With the New Year around the corner, “we can all use a little prodding” to get us to success and more out of life. And who doesn’t want more out of life? Here’s my list of what I call “the read and re-read.” I’m also addicted to pod casts, listening to them every night before I go to sleep. Of course, I fall asleep in the middle but maybe my subconscious is getting it.

 

  1.  Excuse Me, Your Life is Waiting, by Lynn Grabhorn. She calls her life journey “the physics of thought.”  The book is easy to read and gives us another link on how to get more out of life. Her theory is that we get what we want through feelings, not necessarily because of planning and sweating. The book helps you understand how your feelings can help or hurt you. Personally, I think it’s worth owning, underlining and reading it again
  2. The Four Agreements: A Practical Guide to Personal Freedom by Miguel Ruiz This is an old book, but it too is super—easy read and it makes you want to call Miguel up and have a conversation. His best advice,  “Whatever happens around you, don’t take it personally. Nothing other people do is because of you. It is because of themselves.”  How many times a day do we take things personally? You can sign up for his Academy of Awareness which is very cool.
  3. Are you Ready to Succeed, by Srikumar S. Rao. This is another personal favorite. The book has readings, , exercises and lessons to help you reconstruct and improve your professional world. This has lots of ideas on “getting unstuck.”
  4. 212, The Extra Degree, by Sam Parker. The premise: at 211 degrees water is just hot. At 212 degrees, it becomes steam and is powerful enough to move a locomotive. Who can argue with this? The tiny book will keep you captivated and wanting to read it over again. Tapes are also available.  Read it out loud to anyone who will listen.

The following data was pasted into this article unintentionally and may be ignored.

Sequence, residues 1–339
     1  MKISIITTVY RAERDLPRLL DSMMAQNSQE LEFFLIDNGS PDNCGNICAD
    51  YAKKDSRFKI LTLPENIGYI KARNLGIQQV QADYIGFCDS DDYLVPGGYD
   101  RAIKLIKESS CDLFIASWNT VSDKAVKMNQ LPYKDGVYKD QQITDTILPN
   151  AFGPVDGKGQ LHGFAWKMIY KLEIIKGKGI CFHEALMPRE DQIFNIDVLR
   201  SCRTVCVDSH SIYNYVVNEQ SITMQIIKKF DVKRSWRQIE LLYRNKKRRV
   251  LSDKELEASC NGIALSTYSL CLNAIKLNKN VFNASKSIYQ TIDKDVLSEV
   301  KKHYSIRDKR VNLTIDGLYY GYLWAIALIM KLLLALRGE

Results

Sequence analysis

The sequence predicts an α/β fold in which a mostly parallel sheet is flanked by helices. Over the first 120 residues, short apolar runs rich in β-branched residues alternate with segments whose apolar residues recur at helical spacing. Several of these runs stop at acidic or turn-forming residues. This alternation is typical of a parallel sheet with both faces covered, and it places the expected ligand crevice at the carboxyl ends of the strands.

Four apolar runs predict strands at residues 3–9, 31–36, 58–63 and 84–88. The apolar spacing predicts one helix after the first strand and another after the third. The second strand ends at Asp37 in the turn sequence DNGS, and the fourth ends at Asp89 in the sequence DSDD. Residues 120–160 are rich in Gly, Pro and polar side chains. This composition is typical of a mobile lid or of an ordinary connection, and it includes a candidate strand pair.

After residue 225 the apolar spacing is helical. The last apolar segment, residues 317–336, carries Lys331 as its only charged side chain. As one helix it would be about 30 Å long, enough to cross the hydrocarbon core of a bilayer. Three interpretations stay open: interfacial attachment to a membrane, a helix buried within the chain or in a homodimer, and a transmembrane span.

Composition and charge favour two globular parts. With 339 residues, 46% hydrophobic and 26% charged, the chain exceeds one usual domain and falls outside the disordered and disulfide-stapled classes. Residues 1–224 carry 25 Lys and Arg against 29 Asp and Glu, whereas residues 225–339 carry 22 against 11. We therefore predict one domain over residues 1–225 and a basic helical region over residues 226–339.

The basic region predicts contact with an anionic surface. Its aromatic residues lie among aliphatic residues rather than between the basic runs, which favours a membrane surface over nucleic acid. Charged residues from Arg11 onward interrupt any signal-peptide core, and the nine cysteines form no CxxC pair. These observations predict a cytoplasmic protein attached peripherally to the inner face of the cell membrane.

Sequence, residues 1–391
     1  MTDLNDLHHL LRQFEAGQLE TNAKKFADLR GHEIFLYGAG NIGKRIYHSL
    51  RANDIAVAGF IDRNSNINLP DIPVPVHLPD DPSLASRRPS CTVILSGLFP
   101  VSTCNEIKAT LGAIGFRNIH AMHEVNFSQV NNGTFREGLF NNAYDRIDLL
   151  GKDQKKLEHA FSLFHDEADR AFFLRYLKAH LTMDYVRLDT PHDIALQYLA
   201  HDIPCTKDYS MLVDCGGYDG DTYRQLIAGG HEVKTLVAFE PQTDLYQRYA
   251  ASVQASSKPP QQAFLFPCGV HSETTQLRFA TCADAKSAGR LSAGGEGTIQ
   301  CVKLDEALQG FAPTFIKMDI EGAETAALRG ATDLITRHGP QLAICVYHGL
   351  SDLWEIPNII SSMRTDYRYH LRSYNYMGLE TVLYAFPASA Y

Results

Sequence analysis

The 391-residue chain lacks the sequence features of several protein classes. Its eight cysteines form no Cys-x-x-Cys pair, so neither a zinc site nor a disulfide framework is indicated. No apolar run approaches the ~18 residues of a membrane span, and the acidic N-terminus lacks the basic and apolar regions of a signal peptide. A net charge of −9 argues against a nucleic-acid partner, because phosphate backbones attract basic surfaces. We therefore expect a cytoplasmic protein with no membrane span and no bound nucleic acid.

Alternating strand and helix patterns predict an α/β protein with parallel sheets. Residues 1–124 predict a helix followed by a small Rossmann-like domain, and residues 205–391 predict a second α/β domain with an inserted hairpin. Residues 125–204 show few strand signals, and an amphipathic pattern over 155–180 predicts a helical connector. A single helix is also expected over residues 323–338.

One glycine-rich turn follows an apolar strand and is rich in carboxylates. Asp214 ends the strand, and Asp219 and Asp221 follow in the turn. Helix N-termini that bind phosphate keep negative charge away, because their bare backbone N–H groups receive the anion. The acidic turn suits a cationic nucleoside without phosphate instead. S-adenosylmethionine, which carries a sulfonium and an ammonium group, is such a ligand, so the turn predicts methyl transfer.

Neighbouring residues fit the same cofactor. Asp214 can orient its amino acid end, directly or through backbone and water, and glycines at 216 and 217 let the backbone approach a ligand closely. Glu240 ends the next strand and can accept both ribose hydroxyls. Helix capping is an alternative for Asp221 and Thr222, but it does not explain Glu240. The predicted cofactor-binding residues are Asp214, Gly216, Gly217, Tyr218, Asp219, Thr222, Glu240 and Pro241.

5. Outliers,” by Malcolm Gladwell. This has to be one of the best books I’ve read. Based on the premise of when you were born, where you were born and what was going on in society had a huge effect on you. It made me look deeper into  my own life and how lucky I was to miss attending the first grade by one year! You’ll love this. If you can’t  get enough of Malcolm, I can’t,  start listening to Malcolm’s pod casts. Freakonomics.
  6. The Myth of the Entrepreneur by Michael Gerber. This is a quick with great insight. If you haven’t read it and own a business, go get it. This is definitely a reread.
  7. The Great Wing, by Dr.Louis Tartaglia. I just ordered 21 of these for a customer service class I’ve been teaching; it’s the kind of book you can’t’ put down. Gomer is a baby goose in the midst of learning how to survive the great yearly migration. Somewhere  in our lives, all of us have “bellied up to the bar” and done something we haven’t wanted to do. Fellow trainers Lou, Sam and I created a workshop for the board of directors at the Toledo Opera Company. It was a blast with everyone yelling, “flock yes.” A great parable and you will feel for Gomer’s struggle.
  8. Build from Scratch,  How a Couple of Regular Guys Grew The Home Depot from Nothing to $30 Billion, by Bernie Marcus and Arthur Blank. A true life story about never giving up and those that believed.  Will there ever be another story like this?
  9. The Thank You Economy, by Gary Vaynerchuk. Who will win the customers? Not the rich guy but the guy who can show the customer how much he’s loved. A little longer read but really good.
  10.  What the Most Successful People Do on the Weekends: A Short Guild to Making the Most of  Your Days, by  Laura Vanderkam. No,  they’re probably not watching television but they’re staying away from their inbox and have a plan. Check this out.
  11. Abundance, by Peter Diamandis. The world is better than it looks and has plenty of opportunities. Get to this book fast.

What are you reading? I know Dan Alcorn must have a couple of good suggestions. Let us know your ‘good reads.’ Happy New Year.

Lisbeth Calandrino helps businesses build loyal customer relationships through customer service and sales training. she can be reached at redhotcusotmerservice@nycap.rr.com.